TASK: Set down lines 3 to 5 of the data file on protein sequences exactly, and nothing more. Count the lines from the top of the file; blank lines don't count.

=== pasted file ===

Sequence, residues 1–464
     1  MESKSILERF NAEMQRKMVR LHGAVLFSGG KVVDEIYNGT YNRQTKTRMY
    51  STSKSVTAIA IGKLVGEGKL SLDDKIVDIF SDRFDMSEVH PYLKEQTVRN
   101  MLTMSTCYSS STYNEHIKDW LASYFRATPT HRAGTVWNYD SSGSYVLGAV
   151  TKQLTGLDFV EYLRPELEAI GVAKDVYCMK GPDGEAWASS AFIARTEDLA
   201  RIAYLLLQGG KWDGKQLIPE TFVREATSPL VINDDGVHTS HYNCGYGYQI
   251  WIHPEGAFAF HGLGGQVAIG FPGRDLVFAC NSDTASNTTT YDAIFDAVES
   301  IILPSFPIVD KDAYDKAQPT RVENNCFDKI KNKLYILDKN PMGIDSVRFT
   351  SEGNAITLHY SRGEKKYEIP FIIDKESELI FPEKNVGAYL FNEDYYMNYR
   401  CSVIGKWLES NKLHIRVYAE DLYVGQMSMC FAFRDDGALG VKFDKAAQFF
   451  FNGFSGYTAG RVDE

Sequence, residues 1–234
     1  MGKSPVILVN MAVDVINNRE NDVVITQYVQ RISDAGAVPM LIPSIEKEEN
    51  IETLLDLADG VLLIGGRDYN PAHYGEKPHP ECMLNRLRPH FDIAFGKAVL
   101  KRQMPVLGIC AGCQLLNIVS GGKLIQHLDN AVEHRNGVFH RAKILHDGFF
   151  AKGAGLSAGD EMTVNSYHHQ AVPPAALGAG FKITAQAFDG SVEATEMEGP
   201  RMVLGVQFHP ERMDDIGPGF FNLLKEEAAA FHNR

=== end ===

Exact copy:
    51  STSKSVTAIA IGKLVGEGKL SLDDKIVDIF SDRFDMSEVH PYLKEQTVRN
   101  MLTMSTCYSS STYNEHIKDW LASYFRATPT HRAGTVWNYD SSGSYVLGAV
   151  TKQLTGLDFV EYLRPELEAI GVAKDVYCMK GPDGEAWASS AFIARTEDLA